The spectrum of the long-period oscillations of the Earth exceeding the periods of the free oscillations of the Earth contains the peaks (more than 15) which, within an accuracy of 1% - 3%, coincide with the peaks of the free oscillations of the Sun. The excitation mechanism of these oscillations is similar to that driving the emergence of the variations in the activity of the radioactive ore sample [2] [3] . The revealed effects are part of the mechanisms of solar-terrestrial interaction; they affect seismic activity and enable one to search for a natural nuclear reactor in the inner core of the Earth.

Regardless of the in situ physical conditions of the heavy unstable radioactive nuclei, their decay process is modulated by the varying flow of solar neutrinos.

The activity level of heavy unstable radioactive nuclei as an open system is influenced by three parameters: the spin impact (spin speed), dynamic gravity (centrifugal force), and solar neutrino flux. Under certain relationships between these parameters, the elements of self-organization appear in the structure of the activity.

Some of these parameters of the radioactive source can be determined by the experimental.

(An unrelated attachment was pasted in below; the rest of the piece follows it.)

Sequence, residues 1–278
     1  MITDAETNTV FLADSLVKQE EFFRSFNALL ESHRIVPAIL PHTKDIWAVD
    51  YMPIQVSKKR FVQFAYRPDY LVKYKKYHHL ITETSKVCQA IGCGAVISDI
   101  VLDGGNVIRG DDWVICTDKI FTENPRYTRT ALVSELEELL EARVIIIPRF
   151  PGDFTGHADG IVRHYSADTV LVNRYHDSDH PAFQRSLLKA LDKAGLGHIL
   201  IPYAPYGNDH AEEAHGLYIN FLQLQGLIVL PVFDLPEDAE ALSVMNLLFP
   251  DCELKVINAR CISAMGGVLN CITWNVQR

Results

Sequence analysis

According to Shestopalov, there is also a correlation between the neutrino fluxes and seismicity of the Earth. Shestopalov also hypothesized the possibility of neutrino formation during the periods of the strong deep earthquakes. To date, the studies covered the relationship between solar activity, Earth’s seismic activity, and neutrino fluxes registered in the chlorine-argon experiment during 1970-1994. These studies revealed a negative correlation between the solar activity and seismicity of the Earth and a positive correlation between the seismic activity of the Earth and variations in the neutrino flux. It is hypothesized that the neutrinos which were registered in the chlorine argon experiment do not exclusively have a solar origin but are partly terrestrial. The qualitative mechanism of neutrino formation during the strong deep earthquakes is suggested [21] . The studies have been carried out on exploring the existence of the large masses of uranium in the central zones and the cores of planets including the Earth as well as on the probable modes and the nuclear chain reactions in the Earth’s core [22] -[24] . The theoretical calculations and model experiments suggest that at the early stages of evolution of the Earth and other planets, the uranium and thorium oxides (or carbides), which are denser, high-melting, and marginally soluble, could settle down from the magma “ocean” onto the solid inner core of the planet. Billions years ago, the concentration of the fissile isotope 235U in natural uranium was sufficient to initiate the chain reactions in the developing active layer. In the case of low power, the self-sustaining chain reaction which began far in the past could be occasionally resumed up to the present time. A local or global explosion initiated by an asteroid impact could have occurred. The nuclear chain reactions could play and probably play important role in the evolution of the Earth and solar system overall [24] . We recapitulate the works [22] -[24] in such a detail because the results presented in the present paper (the strong interaction between solar neutrinos and radioactive elements in the laboratory conditions and in situ in the Earth) significantly strengthens the conclusions of the authors [22] -[24] whose scientific philosophy is used by the foreign scientists as a basis for constructing a new model of the formation of the Moon. The supernova explosions should now also be treated in a different way: about 40 years ago, the Czech scientists established a strong correlation between the outbursts and catastrophic earthquakes. The hypothesis of the Phaeton becomes now quite workable: if a planet had the geological structures with an extensive component of radioactive elements, the supernova explosion in the vicinity of the solar system, followed by a powerful stream of neutrinos, has led to the explosion of the planet. This is indirectly supported by the asteroids’ surfaces which have huge craters formed by the impacts of the other celestial bodies whereas in accordance with the simplest geomechanical relations these asteroids should be fragmented. The preservation of the asteroids can only be due to the fact that their craters appeared as early as at the time when they were still part of the planet. This is confirmed by another fact: at the antipodal points, the craters do not have the signs of spall phenomena whereas their existence is necessary according to the theory and practice of impact mechanics.